The communication molecules of the human body
Hormones, such as estrogen, progesterone, testosterone, insulin and cortisol, are vital chemical messengers that control the body's communication pathways and affect many aspects of overall health. Hormones are secreted by exocrine glands, including but not limited to your adrenals, pituitary gland, ovaries/testes, pancreas, etc. The hormones works together to form one mass communication system, called your endocrine system. Even slight imbalances in these hormones can lead to widespread symptoms, and much like a stone dropped into a lake, even a small disruption can create a ripple affect.
Conventional management of hormone imbalances are often to replace or suppress, as seen with the birth control pill, thyroid medication, HRT, insulin replacement, and so one. Unfortunately, for many people this only masks the issue, leading to dependency on medication while secondary symptoms progress, all while exposing people to risk factors such as stroke, osteoporosis, mood disorders, a lack of sex drive, and potential reproductive issues.
Signs of symptoms of hormonal imbalances may include, but are not limited to:
Adrenal Fatigue: fatigue, brain fog, low sex drive, hypothyroid symptoms, trouble sleeping, anxiety, difficulty losing weight, low motivation
Estrogen Excess: PMS, mood swings, weight gain around the hips, water retention, heavy menses, hypothyroid symtpoms, nervousness, sweet cravings, low libido, hair loss
Estrogen Deficiency: Hot flashes, night sweats, irritability, depression, nervousness, decreased libido, urinary incontinence, heart palpitations, foggy thinking, sleep disturbances, memory lapses, hair loss, dry skin, vaginal atrophy, vaginal dryness
Progesterone Deficiency: PMS, mood swings, infertility, water retention, fibrocystic breasts, irritability/nervousness, sweet cravings, hypothyroid symptoms, low libido
Insulin Resistance/Excess: weight gain, nerve damage, increased urination, dry mouth, PCOS
Androgen excess: acne, hirsutism, weight issues, irregular/absent menses, hair loss
Androgen deficiency: erectile dysfunction, muscle loss, weight gain, fatigue, mood-related problems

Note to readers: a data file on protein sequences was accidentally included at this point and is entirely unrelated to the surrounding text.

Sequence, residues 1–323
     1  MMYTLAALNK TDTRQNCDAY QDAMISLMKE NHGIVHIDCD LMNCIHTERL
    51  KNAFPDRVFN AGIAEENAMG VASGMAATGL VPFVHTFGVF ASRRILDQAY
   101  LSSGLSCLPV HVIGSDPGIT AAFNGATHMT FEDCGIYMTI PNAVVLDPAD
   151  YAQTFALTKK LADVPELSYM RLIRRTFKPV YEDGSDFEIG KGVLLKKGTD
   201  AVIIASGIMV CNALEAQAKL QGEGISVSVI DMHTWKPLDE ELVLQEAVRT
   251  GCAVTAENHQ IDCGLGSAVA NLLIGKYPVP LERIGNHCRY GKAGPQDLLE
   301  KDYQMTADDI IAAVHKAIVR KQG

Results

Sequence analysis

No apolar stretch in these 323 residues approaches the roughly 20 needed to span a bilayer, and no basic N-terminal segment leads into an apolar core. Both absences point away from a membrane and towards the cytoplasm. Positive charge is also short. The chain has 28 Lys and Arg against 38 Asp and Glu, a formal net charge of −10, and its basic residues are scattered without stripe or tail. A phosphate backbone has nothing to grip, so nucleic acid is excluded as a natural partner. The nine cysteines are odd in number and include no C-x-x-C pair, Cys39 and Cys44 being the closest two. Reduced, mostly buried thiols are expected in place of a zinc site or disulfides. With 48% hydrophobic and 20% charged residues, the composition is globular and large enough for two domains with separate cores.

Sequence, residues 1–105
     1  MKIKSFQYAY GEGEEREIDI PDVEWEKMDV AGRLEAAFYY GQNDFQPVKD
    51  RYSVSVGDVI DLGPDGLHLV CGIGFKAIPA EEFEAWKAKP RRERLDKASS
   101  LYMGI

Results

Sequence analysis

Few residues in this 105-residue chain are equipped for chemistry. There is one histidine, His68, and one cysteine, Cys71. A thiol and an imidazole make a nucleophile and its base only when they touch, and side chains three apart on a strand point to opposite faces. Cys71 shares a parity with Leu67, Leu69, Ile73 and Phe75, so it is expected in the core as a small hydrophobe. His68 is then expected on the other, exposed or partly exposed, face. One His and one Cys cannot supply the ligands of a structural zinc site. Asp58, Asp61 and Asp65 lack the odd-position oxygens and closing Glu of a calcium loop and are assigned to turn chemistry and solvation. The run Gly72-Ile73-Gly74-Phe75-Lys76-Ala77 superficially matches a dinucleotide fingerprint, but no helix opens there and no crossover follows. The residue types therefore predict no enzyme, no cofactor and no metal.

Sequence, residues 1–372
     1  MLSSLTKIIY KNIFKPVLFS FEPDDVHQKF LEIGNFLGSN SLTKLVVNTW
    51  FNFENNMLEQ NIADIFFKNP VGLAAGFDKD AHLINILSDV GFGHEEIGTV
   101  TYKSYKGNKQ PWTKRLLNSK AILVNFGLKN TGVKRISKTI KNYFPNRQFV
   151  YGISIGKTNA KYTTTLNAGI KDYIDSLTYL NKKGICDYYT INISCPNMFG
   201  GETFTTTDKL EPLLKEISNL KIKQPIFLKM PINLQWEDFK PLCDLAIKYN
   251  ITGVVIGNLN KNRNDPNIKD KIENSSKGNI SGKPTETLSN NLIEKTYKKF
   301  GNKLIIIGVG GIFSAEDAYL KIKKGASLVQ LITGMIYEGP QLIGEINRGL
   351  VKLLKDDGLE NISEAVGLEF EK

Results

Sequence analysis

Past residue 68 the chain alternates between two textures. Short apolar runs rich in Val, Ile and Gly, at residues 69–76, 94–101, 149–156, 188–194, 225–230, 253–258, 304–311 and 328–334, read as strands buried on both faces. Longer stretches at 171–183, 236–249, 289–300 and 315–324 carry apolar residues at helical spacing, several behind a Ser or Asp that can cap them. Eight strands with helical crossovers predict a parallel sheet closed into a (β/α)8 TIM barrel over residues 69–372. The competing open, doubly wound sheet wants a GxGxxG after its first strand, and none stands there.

Thyroid Dysfunction: hypothyroidism, hyperthyroidism, goitres, thyroid nodules, and autoimmune thyroid disorders: Grave's Disease, Hashimoto's thyroid
The trick to managing hormone imbalances is to first and foremost uncover the discrepancy, and work towards recovery by using herbs and minerals to balance out endogenous production of the necessary hormone, all while speeding movement of excesses through the liver. Assessments are often done via blood work, or through saliva hormones, as done in adrenal hormone testing or female/male hormone panels.
The importance lies in the diagnostics, as excesses in certain hormones look like deficiencies in another (ie high estrogen looks like low progesterone). Since treatment is specific, its important to understand the level and type of imbalance to ensure management is accurate, and safe.
Discontinuing Birth Control
Polycystic Ovarian Syndrome
Crohns & Colitis
Gas & Bloating
Irritable Bowel Syndrome
Leaky Gut Syndrome
Frequent Colds & Flu
© 2018 Courtney Holmberg ND. All rights reserved. Dr. Courtney Holmberg, ND does not endorse or have professional affiliation with any discussed supplement or lab companies. All material provided is for general education and may not be construed as medical advice. The information is not intended to assist in diagnosing to treating a medical condition. Legal & Medical Disclaimer, sitemap